Probably we’ll remember exhibitions like the contrasting ones at the two Gagosian galleries in Chelsea, one on 21st street, and one on 24th street: you could scarcely imagine a more unlike pair than the late paintings of Monet (the water lilies and the Japanese bridge) on one hand and fifty still lifes of Roy Lichtenstein on the other. How brilliant those are, with the steam coming out of a coffee cup painted on one side, and sculpted on the other, with Cape Cod scenes of a lobster and a wave and a sailboat, or some lemons sitting happily on a saucer… Visitors to these generally walked around smiling – not the most usual expression on faces in the bustle of New York galleries or streets.

But Lichtenstein tends to awaken some kind of unexpectedness in the mind. I am thinking of Frederic Tuten’s short stories about to appear with Norton: Self-Portraits: Fictions,  with a Lichtenstein on the cover, and a story dedicated to him. Just as quirky, brilliant, and radiant with irony.  It’s a kind of New York spirit, not unaware of the multiple tragedies all around – good grief (what an odd expression, how is grief good?) --but very much alive.

There’s a big thing here about Mark Twain these days, and all the places he lived and worked in New York: the Players Club, at 16 Gramercy Park, founded in 1888 by Twain and the actor Edwin Booth, etc.. Most interesting for me are the writeups about the estate in Riverdale called Wave Hill,, since we go there often to  sit in the deck chairs on the grass and wander through the herb garden. Twain leased it for two years at the beginning of the twentieth century, and he built there a whole writing parlor in a chestnut tree, overlooking the Hudson River. In the winter (dreaded season in New York for many of us), he wrote: “I believe we have the noblest roarin blasts here I have ever known on land; they sing their hoarse song through the big tree-tops ith a splendid energy that thrills me and stirs me and uplifts me and makes me want to live always. “ My favorite picture of Twain is a drawing by Francis Luis Mora,  in which he is seated on a park bench next to Robert Lewis Stevenson, Twain with his hands on his knees and his slouchy hat and moustache, bending forward, and Stevenson, elegant and relaxed, leaning backward with a kindly interested look on his face, clearly listening to a Twain tall story.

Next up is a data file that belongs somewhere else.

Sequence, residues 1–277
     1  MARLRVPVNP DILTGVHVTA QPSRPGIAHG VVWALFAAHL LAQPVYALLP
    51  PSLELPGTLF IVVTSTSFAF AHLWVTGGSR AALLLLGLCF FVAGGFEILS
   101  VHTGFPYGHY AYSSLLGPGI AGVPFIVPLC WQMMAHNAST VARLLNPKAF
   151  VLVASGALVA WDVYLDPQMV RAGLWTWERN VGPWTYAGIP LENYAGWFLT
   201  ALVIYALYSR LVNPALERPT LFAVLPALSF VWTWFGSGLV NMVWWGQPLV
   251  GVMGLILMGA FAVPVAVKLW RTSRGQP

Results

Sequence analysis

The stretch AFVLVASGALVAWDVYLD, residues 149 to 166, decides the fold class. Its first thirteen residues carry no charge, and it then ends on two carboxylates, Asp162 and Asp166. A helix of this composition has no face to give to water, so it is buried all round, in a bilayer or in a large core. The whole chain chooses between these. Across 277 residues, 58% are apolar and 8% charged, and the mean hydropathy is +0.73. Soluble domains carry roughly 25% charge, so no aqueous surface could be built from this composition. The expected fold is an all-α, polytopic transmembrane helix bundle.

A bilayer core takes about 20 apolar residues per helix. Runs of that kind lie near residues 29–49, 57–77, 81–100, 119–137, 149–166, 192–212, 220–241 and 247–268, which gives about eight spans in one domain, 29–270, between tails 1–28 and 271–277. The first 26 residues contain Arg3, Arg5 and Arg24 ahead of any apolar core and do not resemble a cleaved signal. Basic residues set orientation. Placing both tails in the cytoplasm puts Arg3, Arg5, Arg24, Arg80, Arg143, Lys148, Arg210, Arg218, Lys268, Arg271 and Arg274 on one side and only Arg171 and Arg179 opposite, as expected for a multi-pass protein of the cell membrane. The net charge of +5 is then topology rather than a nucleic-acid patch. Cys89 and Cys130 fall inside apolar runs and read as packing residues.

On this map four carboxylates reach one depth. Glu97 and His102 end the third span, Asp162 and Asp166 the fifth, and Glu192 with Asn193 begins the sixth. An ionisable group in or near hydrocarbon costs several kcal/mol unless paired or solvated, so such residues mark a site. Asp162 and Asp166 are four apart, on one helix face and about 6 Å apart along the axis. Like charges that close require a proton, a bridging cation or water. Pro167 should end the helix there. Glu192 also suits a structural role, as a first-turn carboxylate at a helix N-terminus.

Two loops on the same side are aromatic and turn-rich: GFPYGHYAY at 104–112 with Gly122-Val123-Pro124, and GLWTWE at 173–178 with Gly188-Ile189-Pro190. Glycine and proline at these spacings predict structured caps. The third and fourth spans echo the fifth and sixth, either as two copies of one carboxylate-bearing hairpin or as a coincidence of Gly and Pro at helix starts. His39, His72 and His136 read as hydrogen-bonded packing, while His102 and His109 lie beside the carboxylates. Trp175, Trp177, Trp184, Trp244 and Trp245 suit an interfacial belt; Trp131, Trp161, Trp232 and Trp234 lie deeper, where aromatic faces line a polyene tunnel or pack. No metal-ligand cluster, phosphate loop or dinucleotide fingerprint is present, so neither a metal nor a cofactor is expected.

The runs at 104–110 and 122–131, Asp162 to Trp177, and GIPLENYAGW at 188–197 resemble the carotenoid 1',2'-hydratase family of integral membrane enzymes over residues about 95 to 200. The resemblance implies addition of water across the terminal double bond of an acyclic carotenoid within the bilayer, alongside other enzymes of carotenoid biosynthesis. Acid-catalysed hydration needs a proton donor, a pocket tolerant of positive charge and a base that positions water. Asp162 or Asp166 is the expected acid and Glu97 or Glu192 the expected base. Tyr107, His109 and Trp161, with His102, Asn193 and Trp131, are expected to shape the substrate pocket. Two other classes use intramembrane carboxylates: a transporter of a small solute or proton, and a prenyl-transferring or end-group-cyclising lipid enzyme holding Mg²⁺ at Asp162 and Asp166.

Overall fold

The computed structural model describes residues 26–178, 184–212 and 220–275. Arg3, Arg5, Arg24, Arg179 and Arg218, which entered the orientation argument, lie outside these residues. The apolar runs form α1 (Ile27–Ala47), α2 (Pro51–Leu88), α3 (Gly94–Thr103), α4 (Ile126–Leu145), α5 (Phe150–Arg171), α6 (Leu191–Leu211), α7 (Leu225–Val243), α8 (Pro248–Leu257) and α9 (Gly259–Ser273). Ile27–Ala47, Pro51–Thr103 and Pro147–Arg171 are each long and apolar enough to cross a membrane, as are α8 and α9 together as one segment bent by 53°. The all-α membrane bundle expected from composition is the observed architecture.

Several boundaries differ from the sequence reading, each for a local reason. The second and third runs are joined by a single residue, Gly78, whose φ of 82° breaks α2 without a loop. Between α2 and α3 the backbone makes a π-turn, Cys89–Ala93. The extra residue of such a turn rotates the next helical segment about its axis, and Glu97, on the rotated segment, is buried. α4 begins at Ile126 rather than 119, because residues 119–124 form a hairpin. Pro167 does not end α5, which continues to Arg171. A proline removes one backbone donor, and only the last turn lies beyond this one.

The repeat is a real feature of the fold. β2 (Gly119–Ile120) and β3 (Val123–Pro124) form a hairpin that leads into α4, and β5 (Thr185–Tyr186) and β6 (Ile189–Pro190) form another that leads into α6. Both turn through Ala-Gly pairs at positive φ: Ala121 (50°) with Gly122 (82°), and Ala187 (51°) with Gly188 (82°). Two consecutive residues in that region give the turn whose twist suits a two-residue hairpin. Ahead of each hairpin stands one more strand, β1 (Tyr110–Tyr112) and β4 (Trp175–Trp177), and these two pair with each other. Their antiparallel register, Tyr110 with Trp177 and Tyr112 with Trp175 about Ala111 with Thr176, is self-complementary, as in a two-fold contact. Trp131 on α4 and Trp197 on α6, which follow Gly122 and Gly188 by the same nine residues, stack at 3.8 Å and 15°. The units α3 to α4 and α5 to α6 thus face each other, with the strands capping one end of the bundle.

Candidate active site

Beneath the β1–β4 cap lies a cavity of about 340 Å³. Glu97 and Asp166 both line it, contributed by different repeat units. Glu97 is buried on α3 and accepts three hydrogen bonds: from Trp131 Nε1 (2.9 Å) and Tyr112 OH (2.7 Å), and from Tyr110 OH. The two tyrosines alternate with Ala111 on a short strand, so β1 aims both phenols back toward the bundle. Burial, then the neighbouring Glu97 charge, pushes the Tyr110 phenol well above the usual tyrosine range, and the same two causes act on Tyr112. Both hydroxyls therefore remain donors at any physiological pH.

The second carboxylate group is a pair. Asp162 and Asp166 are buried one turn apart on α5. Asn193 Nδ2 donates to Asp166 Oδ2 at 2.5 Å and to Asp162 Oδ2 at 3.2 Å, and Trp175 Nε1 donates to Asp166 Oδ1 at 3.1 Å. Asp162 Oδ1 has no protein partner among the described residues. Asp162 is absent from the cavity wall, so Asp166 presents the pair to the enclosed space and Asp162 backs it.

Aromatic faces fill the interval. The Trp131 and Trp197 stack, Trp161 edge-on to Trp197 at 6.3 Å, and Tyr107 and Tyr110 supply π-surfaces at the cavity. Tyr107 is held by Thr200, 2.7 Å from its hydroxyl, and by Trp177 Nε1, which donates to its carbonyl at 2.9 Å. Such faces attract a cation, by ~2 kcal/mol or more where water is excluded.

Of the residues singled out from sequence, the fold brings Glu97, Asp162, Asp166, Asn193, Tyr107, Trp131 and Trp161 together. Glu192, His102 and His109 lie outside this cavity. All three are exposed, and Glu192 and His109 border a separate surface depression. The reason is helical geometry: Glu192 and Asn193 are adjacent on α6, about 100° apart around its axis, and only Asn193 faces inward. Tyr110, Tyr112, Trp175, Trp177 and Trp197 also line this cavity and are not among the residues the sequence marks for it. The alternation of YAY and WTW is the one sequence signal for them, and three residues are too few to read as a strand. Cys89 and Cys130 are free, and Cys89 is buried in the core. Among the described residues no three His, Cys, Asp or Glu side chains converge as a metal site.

Not so very far off, in Williamstown, Massachusetts, at the Sterling and Francine Clark Art Institute, there is a stunning exhibition of Degas and Picasso, organized by Elizabeth Cowling, the Picasso expert, and Richard Kendall, the Degas expert. When the contents of the Degas studio were sold after his death in 1917, Picasso became more intimately acquainted with the work of Degas, and some of the juxtapositions are revealing beyond belief. Karen Rosenberg wrote up the exhibition in the New York Times, concentrating on the most startling of the juxtapositions, for instance the nudes of 1906 in relation to the Degas bathers, the “Nude Wringing Her Hair” of 1952 looking back at the hairbrushing scenes of the older painter, Picasso’s woman ironing in 1904 after Degas’s laundress, some portraits in like poses, and various brothel scenes, with Degas to the side as an onlooker. To me the most interesting is Degas’s bronze “Little Dancer, Aged fourteen,” placed not far from Picasso’s “Stading Nude” of 1907, her hands behind her back in the same position. Every year seems to be a Picasso year these years – his prints at MOMA, all the Met’s Picassos hauled out, the Paris avant-garde exhibition in Philadelphia, more Picasso in Seattle, everywhere, all over. I’d be the last one to object…